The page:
It took me a long time to beat Grapefrukt’s Rymdkapsel ($3.99) a second time, even after playing it for a week.
Martin Jonasson’s minimalistic, pared-down real-time strategy game is hard, no doubt, but I was also hesitant to wipe my winning station off the screen: around a brightly-colored core of barracks, defense rooms, and gardens, my space station’s halls stretched infinitely out into the stars, like a giant cosmic cephalopod whose legs only bend at right angles.
It was pretty, and I’d worked hard, and I wasn’t ready to erase it yet.
Rymdkapsel is a base-building game. Stranded in space, surrounded by mysterious monoliths to explore and resources to extract, you play as a deistic task-manager charged with assigning tasks to two-pixel minions and expanding a color-coded space station as far as possible. Gardens are green and kitchens are yellow, and you’ll need both in order to grow enough food to feed the would-be engineers, builders, and researchers living in orange barracks.
In Rymdkapsel, tetromino-shaped rooms can only be built on corridors, not other rooms. Once you drag-and-drop them into place, tap the screen to rotate them. You’ll need to expand your base far enough to reach each monolith (the game ends when all four are fully researched), but waves of laser-toting enemies will attack periodically. And … that’s it — Rymdkapsel‘s flat, primary-colored visuals and sparse synth soundtrack are perfectly matched to its simple, straightforward mechanics.
Jonasson’s game is a real-time strategy game without the variable minutiae that make the genre so traditionally opaque. There are only three resources to manage, one type of unit to build, and one type of enemy to ward off, and every element is visually represented by simple geometry or primitive pixel art. Nothing is modeled and rendered in 3D because nothing has to be: the fat has been trimmed and sculpted to its ontological limits, everything else is just strategic thinking and spatial awareness.
Rymdkapsel‘s real triumph is the way it squeezes complexity out of these basics. Bigger bases can reach monoliths faster, for example, but they’re harder to defend. The game also determines the shape of each room, as well — you may need a reactor room right now, but the next build will be a Z-shaped tetromino, which might not fit anywhere.
Every decision has a similar kind of push-pull, and it’s not long before Rymdkapsel expands into a deceptively complicated feat of logistics and planning. On the most granular level, aspiring architects will need to learn which rooms work together most efficiently, or how to shorten travel time by selling unused rooms, or which room orientation is best. You don’t want to lose valuable time making a disposable minion walk to the end of an L-shaped reactor, do you?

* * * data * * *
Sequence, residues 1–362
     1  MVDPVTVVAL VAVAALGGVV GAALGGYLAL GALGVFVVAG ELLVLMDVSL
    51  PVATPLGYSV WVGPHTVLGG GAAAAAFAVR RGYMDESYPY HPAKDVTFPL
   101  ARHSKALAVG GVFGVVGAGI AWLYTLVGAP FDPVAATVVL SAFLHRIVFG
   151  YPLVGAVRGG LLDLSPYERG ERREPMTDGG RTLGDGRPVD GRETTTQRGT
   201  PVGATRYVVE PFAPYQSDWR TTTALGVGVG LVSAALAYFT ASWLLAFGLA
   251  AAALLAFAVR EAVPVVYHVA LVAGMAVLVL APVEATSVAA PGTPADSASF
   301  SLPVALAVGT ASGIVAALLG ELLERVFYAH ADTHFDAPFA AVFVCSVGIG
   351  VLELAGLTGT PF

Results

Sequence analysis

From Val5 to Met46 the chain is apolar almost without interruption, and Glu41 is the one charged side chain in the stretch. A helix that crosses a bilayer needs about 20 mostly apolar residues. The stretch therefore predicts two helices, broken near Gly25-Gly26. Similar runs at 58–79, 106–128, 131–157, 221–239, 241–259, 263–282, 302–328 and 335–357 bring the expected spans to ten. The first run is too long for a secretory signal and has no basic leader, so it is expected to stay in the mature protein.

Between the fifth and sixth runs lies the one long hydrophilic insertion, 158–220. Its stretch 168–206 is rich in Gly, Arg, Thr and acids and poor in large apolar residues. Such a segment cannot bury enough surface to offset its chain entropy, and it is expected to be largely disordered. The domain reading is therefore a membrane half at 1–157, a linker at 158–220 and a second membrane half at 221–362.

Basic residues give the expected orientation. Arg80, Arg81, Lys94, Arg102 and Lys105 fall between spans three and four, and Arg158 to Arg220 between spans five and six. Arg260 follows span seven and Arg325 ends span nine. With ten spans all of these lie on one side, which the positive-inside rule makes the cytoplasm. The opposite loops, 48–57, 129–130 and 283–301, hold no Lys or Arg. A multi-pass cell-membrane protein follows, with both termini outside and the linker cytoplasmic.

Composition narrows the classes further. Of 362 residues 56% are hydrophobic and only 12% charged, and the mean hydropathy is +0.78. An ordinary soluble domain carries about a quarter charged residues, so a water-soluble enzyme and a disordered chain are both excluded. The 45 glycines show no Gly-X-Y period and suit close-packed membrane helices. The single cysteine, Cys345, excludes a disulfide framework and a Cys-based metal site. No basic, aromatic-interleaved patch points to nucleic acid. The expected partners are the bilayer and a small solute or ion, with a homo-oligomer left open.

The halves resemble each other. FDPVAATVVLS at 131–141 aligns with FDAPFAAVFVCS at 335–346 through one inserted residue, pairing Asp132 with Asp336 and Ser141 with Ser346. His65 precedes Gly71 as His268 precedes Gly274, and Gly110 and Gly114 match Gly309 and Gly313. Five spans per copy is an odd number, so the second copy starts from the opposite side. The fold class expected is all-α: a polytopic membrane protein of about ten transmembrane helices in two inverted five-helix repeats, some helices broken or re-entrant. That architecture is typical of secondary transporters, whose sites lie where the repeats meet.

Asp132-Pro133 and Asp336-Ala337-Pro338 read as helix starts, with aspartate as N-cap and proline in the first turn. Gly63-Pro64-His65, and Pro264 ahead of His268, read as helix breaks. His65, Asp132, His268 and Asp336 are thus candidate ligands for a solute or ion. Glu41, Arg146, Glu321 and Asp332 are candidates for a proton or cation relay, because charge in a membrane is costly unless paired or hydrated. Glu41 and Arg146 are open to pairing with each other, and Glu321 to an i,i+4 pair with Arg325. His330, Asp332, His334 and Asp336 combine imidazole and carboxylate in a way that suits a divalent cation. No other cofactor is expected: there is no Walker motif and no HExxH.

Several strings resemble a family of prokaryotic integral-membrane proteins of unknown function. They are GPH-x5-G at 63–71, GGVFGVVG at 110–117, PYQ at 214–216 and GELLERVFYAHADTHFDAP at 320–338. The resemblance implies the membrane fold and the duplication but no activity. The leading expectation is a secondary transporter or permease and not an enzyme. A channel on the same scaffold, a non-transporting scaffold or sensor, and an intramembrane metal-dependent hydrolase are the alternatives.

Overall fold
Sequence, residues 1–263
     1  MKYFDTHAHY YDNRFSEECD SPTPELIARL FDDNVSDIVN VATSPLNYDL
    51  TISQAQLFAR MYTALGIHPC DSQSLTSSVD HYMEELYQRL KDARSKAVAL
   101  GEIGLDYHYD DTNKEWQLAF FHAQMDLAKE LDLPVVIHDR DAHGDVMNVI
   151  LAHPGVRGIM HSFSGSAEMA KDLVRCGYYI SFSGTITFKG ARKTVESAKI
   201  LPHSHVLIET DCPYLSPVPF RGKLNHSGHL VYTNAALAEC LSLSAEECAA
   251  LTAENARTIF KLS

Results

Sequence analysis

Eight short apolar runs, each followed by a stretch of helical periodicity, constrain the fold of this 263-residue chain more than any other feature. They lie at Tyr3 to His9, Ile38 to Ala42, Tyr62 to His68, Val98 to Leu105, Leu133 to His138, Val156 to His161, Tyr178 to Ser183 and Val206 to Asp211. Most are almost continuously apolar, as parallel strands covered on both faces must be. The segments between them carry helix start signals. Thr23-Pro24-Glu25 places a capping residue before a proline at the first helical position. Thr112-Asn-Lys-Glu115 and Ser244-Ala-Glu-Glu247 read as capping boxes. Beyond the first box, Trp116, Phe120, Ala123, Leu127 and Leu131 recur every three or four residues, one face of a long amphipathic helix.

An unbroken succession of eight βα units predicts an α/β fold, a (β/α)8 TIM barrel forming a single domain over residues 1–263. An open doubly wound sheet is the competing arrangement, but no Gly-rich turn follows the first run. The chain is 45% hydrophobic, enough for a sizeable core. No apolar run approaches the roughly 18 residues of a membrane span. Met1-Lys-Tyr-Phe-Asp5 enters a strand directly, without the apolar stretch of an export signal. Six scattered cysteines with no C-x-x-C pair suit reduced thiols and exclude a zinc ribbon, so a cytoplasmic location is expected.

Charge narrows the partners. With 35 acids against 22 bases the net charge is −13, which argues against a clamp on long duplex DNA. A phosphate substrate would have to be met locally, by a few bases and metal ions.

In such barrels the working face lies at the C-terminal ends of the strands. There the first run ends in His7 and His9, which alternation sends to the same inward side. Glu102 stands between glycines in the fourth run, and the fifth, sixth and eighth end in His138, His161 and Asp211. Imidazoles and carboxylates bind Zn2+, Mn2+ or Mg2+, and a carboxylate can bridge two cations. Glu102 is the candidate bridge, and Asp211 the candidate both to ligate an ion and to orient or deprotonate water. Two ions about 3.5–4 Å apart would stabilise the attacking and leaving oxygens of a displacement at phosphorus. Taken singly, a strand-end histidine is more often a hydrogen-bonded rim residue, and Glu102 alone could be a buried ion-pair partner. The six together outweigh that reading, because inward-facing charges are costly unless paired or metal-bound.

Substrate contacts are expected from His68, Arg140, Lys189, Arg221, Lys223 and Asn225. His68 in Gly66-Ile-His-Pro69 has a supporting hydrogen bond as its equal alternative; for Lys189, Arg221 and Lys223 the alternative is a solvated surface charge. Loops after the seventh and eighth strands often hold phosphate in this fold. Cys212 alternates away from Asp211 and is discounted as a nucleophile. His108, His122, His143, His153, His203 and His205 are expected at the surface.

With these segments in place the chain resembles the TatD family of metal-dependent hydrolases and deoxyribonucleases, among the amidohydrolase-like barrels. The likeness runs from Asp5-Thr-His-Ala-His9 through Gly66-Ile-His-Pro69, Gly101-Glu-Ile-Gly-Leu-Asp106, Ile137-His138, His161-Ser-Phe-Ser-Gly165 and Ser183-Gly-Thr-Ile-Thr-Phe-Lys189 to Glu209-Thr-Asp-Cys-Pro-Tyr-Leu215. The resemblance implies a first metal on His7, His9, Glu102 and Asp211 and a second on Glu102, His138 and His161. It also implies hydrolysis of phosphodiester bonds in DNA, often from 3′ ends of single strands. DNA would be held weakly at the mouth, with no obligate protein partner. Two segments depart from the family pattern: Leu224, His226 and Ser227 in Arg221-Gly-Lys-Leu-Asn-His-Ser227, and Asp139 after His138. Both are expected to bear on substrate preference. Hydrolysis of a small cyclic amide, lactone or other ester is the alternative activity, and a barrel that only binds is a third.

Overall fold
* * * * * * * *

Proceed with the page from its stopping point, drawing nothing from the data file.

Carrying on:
As a result, Rymdkapsel has a great sense of rhythm. You build quickly when attacks are few and far between and resources are plentiful, but as expansion slows down and enemy waves come more frequently, staying alive becomes more difficult and more frantic. The transition between each phase of play is imperceptibly smooth. Even when things move slowly on the screen, good Rymdkapsel players will be constantly making decisions and planning ahead, even as the nature of those decisions changes over time.
The beautiful thing about Rymdkapsel, then, is that its complexity grows as a function of player knowledge, not as a result of extra unit types or bloated, fiddly stats and figures. None of the decisions described above are “official" gameplay mechanics, but they are the natural result of looking into the game as deeply as possible.
It’s not so much that Rymdkapsel is designed around a central mechanic as much as it establishes two very simple rules and then brings its universe to life through arcane magicks. I get the sense that, if I could ever keep marauding invaders away from it long enough, my space station would continue to function eternally, even without my guiding hand, faceless white minions shuffling through empty corridors, carrying pink moon rocks, forever yoked to Jonasson’s impeccable sense of balance and timing.
If there’s a nit to pick, it’s that minions don’t have the most robust pathfinding skills. Because there’s no way to assign jobs to specific units, the grunts defending a base’s outskirts might suddenly find themselves trudging a long path toward the compact center as priorities change, even if there are other units closer.
Nevertheless, Rymdkapsel feels tailor-made for iOS in both form and function, and its elegant, subtle constituent parts nest within one another as neatly as its four-block tetrominos snap together along a space station corridor.